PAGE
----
Many industry watchers believe that Java could provide additional packet usage if new applications could be found. However, so far, most Java usage has been confined to games and some consumer-targeted services like stock quotes. There are few enterprise or business applications available, and in this, DoCoMo is no different than its competitors J-Phone and KDDI. "The big operators have the networks, but their mindset is consumer. That will last for a long time," says Punnamas Vichitkulwongsa, founder of Tokyo-based mobile enterprise application developer Arriya Solutions. Privately, DoCoMo business development staff are optimistic that the next generation of Java-capable handsets, the 504 series, will provide a fresh boost in Java (and hence packet) usage. One unconfirmed rumor is that the new model series will provide an even more robust Java environment than at present, with downloadable Java applications being able to access expanded onboard memory. This would allow, for example, email file attachments and more useful Java functions.

But unless the company can figure out how to exploit the business and enterprise market, any such a boost is likely to be temporary. "Sure, usage might go up," says Calder, referring to the rumored 504 capabilities, "but maybe not." As for the rumors of expanded Java environment, Nobuo Kawakami, CEO of Java game developer Dwango, says: "I don't think it will happen -- it would be a security problem. And DoCoMo is very sensitive to anything security-related."

Rescued by 3G -- Not Some pundits have pointed out that the new, hugely expensive 3G network could provide a pathway to expanded data use. No doubt, the spanking new W-CDMA system is the jewel in DoCoMo's crown. It's fast (220-plus Kbps and increasing), the handsets are gorgeous (onboard video cams, organic electroluminescent displays, USB port, et cetera), and there's a lot of promise for deploying enterprise applications.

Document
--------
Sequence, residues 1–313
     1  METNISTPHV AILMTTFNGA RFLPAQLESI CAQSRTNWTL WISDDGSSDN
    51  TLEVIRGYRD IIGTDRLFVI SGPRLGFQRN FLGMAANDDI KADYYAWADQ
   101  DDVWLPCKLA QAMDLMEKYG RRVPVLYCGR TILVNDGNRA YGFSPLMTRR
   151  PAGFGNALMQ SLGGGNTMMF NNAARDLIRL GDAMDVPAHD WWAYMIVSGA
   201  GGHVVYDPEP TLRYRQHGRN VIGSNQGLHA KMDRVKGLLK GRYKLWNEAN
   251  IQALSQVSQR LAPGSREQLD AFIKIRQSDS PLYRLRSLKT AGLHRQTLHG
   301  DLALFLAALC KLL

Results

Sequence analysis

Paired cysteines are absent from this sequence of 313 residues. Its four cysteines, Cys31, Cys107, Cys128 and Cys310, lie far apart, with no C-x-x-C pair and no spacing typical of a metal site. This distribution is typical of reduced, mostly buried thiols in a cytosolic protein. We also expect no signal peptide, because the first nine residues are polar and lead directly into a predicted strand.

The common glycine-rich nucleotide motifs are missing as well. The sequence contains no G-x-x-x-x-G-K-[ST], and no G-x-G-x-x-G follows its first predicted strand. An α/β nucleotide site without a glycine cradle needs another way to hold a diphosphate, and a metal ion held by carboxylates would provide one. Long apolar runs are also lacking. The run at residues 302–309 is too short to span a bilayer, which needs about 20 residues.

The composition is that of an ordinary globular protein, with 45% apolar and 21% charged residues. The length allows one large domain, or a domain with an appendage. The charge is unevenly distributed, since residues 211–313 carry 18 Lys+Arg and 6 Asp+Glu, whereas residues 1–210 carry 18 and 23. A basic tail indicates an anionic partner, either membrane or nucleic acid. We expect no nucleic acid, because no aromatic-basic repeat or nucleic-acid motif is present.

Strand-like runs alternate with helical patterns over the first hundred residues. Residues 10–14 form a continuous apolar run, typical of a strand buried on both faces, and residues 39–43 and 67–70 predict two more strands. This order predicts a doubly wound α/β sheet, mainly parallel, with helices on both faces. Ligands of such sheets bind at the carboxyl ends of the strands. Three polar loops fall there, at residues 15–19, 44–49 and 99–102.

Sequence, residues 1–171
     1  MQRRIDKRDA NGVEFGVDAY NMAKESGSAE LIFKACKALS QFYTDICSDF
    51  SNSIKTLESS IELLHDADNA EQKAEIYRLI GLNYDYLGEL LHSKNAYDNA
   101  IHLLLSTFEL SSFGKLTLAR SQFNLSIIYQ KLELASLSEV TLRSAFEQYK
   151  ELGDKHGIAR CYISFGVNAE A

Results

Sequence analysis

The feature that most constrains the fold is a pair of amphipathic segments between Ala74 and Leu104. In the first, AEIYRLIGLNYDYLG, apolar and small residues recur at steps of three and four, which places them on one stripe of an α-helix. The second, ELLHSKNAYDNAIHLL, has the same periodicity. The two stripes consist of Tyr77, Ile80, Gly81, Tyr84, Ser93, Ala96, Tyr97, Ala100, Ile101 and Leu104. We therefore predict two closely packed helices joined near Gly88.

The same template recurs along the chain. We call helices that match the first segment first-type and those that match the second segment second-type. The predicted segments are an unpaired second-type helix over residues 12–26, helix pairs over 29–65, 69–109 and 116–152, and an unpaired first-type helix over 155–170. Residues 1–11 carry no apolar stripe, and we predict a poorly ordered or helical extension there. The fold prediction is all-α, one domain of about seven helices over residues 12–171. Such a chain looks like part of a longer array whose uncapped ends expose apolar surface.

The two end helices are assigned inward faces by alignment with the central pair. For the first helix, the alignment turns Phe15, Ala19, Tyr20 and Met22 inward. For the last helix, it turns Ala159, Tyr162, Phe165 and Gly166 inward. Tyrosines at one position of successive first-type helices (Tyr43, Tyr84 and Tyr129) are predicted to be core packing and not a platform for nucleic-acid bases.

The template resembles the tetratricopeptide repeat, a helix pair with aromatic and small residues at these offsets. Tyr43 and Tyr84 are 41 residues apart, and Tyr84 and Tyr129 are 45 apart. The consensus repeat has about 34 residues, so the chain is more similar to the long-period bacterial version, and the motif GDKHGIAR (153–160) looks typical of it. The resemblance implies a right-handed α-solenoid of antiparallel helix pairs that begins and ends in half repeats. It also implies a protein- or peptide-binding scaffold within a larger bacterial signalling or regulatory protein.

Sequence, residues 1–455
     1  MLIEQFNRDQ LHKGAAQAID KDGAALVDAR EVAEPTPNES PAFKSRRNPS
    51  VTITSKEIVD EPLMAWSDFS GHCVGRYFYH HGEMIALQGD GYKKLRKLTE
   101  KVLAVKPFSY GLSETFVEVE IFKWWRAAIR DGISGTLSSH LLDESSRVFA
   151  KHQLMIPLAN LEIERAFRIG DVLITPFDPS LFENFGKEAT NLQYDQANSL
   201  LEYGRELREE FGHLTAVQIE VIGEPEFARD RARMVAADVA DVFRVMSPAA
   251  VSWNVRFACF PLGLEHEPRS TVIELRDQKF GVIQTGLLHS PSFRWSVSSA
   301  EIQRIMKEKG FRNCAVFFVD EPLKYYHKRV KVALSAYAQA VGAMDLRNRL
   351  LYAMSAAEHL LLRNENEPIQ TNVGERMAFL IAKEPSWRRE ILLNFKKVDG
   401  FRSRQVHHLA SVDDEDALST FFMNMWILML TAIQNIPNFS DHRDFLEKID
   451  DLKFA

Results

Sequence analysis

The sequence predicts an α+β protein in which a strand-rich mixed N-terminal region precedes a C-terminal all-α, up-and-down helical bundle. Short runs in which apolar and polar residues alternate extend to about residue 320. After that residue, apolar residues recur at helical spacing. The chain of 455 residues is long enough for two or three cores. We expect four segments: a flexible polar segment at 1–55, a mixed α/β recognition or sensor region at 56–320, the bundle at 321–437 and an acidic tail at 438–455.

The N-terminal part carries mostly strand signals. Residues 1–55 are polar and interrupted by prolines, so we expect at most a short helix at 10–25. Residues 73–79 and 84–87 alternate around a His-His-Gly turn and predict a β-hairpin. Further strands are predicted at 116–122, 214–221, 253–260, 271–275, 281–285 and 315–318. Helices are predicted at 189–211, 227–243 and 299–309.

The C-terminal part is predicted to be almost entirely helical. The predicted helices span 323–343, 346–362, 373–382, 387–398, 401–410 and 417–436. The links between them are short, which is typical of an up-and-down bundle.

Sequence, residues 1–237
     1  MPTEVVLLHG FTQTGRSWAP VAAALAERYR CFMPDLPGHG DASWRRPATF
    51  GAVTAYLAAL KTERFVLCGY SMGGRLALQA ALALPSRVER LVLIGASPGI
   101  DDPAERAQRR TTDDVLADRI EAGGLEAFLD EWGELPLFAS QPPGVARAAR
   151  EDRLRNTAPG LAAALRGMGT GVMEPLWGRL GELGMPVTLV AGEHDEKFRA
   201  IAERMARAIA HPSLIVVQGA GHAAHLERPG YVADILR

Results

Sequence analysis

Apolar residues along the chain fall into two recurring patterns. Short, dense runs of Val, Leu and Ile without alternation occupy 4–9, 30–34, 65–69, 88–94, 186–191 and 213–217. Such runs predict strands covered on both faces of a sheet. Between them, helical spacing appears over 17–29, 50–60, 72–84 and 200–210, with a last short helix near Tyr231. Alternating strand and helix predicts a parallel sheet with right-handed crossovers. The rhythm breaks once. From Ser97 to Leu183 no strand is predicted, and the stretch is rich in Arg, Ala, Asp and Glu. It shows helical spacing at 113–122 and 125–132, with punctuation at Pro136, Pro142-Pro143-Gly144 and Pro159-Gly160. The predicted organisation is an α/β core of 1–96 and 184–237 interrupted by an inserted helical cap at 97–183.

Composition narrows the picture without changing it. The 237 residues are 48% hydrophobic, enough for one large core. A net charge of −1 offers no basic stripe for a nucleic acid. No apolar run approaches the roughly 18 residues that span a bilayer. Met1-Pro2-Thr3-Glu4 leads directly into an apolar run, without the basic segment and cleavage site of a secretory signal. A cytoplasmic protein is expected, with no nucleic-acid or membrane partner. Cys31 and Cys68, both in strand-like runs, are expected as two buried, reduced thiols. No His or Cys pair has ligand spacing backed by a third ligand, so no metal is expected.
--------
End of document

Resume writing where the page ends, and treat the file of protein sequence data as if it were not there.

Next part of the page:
Unfortunately, there are still major problems. Coverage is limited to the Tokyo area, calls are being dropped, and one early user wrote on a local Web site, referring to the NEC 3G handset: "On a full charge the battery doesn't even last one day -- and that was without making any voice calls; i-mode and i-Appli only." While the company is aware of all these problems, they will take time to fix.

Meanwhile, ARPU continues to drop while 3G contributes very little to increased packet usage. Also, packet fees on the 3G network will have to come down, but even increased usage won't make up for the reduced revenue. The major application now is email, which accounts for 46 percent of i-mode usage. Analyst Calder thinks DoCoMo would have to get a five- or six-fold increase in packet usage on 3G at the lower fee just to stay revenue neutral, but, he adds, that's unlikely to happen.

Just when the company couldn't have wished for any more bad news, yet another iceberg struck the hull. In August, the Japanese press reported that the world's largest wireless carrier, UK-based Vodafone, was in advanced negotiations to buy a substantial controlling stake in DoCoMo competitor J-Phone, of which it already controls some 46 percent. The move has to be a nightmare come true for DoCoMo, long used to the utter absence of any foreign competition in its domestic playground. The tie-up would pit a price-aggressive, marketing savvy, foreign-connected and newly revived J-Phone against DoCoMo. Analysts expect J-Sky subscribers to beat EZweb for the first time in August or September. "J-Phone has already won marketing share from KDDI," says the European investment bank analyst, adding that while there's no danger of DoCoMo's top slot being lost, the new J-Phone will present a significant challenge to Big D. So far, 2001 has been the year of discontent for i-mode and its operator parent. Network glitches, falling packet usage, spam, and the delay in the European rollout are all plaguing the giant carrier. Sadly, some, like Calder, see little chance for improvement, particularly in the falling data ARPU trend and its impact on rising marginal subscriber costs. "DoCoMo is unlikely to turn this around," he says gloomily. @